The Town That Dreaded Sundown, 1976. 7/10

True crime story of the unknown 1946 Texarkana, TX serial killer. In this documentary-style film, many of the characters are various police officers on the case: Capt. Morales (Ben Johnson), Dept. Norman Ramsey (Andrew Price), Sgt. Mal Griffin (Jimmy Clem), Patrolmen A.C. Benson (Charles B. Prine), and Chief R.J. Sullivan (Jim Citty). Then there’s the victims: Sammy Fuller (Mike Hackworth), Helen Reed (Dawn Wells), Peggy Loomis (Cindy Butler), Emma Lou Cook (Misty West), Howard W. Turner (Rick Hildreth), Ray Allen (Steve Lyons) and Linda Mae (Christine Ellworth). Bud Davis plays The Phantom Killer.

There’s a narrator (Vern Stierman) to provide more than a little context: of early post-war small-town U.S.A., The Cold War, booming economy, etc. “The incredible story you’re about to see is true.” Here we go–a couple hanging out at Lover’s Lane, in a ’39 Ford coupe. Linda Mae hears somethin’. It’s a white-hooded creep; unfortunately, Sam’s car won’t start, so Linda Mae and Sam get whacked up, real quick-like. They’re found next day, barely alive.

At the hospital, we get the low-down on the victims, but no real clues. Then, back to the police station, where A.C. (‘Sparkplug’) gets a little nutty with a report of a “mangy dog. He’s yer loose-cannon right there. Three weeks after the Sam/Linda Mae thing, Norm goes to Texarkana city police HQ to see if he can get some back-up, but no dice. Patrolling back roads in his black ’39 sedan, he sees sumpin’. and hears a gunshot. There’s a parked ’36 coupe. Keys in it, but no people, and more shots. He suspects the “veehicle’s” occupants have been abducted.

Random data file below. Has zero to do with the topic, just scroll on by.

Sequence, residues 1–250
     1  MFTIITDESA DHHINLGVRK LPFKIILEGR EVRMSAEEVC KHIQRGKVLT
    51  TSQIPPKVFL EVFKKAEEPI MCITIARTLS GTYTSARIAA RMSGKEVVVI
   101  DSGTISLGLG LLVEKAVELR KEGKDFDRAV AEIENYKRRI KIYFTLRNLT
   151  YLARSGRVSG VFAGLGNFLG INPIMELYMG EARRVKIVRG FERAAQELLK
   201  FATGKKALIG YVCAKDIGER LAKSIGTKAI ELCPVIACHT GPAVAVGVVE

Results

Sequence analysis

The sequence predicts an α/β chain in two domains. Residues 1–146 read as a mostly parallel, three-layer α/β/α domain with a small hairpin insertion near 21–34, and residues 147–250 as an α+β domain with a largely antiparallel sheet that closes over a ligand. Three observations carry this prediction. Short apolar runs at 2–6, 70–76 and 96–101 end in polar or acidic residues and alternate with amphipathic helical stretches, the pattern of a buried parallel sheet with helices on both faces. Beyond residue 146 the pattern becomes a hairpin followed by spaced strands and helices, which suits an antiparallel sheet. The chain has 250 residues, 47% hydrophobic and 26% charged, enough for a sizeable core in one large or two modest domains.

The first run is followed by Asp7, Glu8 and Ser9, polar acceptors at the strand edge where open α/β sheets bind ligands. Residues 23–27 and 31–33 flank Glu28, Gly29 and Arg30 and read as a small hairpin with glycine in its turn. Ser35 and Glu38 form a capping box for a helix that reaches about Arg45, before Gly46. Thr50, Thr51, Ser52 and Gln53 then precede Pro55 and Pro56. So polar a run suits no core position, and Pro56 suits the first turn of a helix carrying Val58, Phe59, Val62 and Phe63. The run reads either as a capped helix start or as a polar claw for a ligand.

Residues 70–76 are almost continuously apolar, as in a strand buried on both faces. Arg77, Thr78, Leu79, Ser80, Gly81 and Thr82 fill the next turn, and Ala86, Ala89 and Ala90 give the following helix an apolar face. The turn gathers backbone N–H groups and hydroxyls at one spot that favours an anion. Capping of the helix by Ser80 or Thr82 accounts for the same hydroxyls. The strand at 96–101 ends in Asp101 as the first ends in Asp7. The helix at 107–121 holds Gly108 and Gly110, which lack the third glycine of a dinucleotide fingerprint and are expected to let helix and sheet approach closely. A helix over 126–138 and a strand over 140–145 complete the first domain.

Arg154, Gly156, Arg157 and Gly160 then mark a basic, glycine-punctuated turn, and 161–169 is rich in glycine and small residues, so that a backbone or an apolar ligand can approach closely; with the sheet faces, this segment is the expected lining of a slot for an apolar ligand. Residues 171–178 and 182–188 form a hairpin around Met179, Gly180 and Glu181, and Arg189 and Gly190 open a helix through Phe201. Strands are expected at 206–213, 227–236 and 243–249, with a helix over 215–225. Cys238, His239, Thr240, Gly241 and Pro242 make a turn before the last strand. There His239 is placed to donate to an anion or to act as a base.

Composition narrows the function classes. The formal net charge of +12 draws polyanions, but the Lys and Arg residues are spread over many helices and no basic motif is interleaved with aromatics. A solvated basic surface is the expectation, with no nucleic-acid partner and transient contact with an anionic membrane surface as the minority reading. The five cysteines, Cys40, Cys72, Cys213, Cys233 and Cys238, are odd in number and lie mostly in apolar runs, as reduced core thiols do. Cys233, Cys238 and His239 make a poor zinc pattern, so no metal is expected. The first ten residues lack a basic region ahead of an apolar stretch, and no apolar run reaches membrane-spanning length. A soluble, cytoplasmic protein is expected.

Nope. been murdered. That’s Emmy Lou and Howard. A guy with a revolver walks up to a different car, but he’s able to drive off before Norm can squeeze off a shot. Anyway, Capt. Morales of the Texas Rangers gets on the case. Does he have a plan? “Yessir, I plan to catch him…or kill him.” Back at HQ, Morales talks about “The Phantom.” Strangely, Sparkplug will personally accompany the Captain. There’s a bumbling driving sequence which is kind of funny, but off-key. Especially since the narrator is over-the-top serious.

But now, some pretty good deception creates comedy as Morales has cops dress up like women to hang out like couples with other cops (civilian-dressed) in lover’s lanes. Sparky, naturally, is one of the ‘women’. A compensation is that he gets to do a radio sign-off with “up yers and out.” And, “You think I’m gonna let that sumbitch fondle me before I blow his head off?” It’s a relief when we get to the Class of ’46-’47 Prom.

Now this is cool: one of the parent/teacher? ladies minding the refreshments spikes the punch (only for herself, though). By contrast, the principal is not only boring, he talks like a Yankee. Meanwhile, quickly back with the police for some strategizing. Then onto Spring Lake Park with Peggy and Roy “just for a little while.” Uh-oh, the masked dude is lying in wait there. I guess no fake (police) couples have staked this place out. Man, it’s a pretty wild scene, as Peggy and Roy are actually driving away when the killer gets on the driver-side running boaerd and pulls Roy out if the car. He’s toast, and the car lurches into some brush.